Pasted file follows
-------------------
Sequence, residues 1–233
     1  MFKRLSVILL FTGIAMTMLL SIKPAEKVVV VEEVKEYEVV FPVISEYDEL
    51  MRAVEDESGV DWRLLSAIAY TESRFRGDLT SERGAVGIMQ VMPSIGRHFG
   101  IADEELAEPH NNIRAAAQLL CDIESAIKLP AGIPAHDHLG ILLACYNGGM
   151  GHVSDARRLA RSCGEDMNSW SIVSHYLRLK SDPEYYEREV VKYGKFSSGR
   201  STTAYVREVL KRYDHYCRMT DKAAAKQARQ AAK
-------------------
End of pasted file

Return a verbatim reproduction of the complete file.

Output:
Sequence, residues 1–233
     1  MFKRLSVILL FTGIAMTMLL SIKPAEKVVV VEEVKEYEVV FPVISEYDEL
    51  MRAVEDESGV DWRLLSAIAY TESRFRGDLT SERGAVGIMQ VMPSIGRHFG
   101  IADEELAEPH NNIRAAAQLL CDIESAIKLP AGIPAHDHLG ILLACYNGGM
   151  GHVSDARRLA RSCGEDMNSW SIVSHYLRLK SDPEYYEREV VKYGKFSSGR
   201  STTAYVREVL KRYDHYCRMT DKAAAKQARQ AAK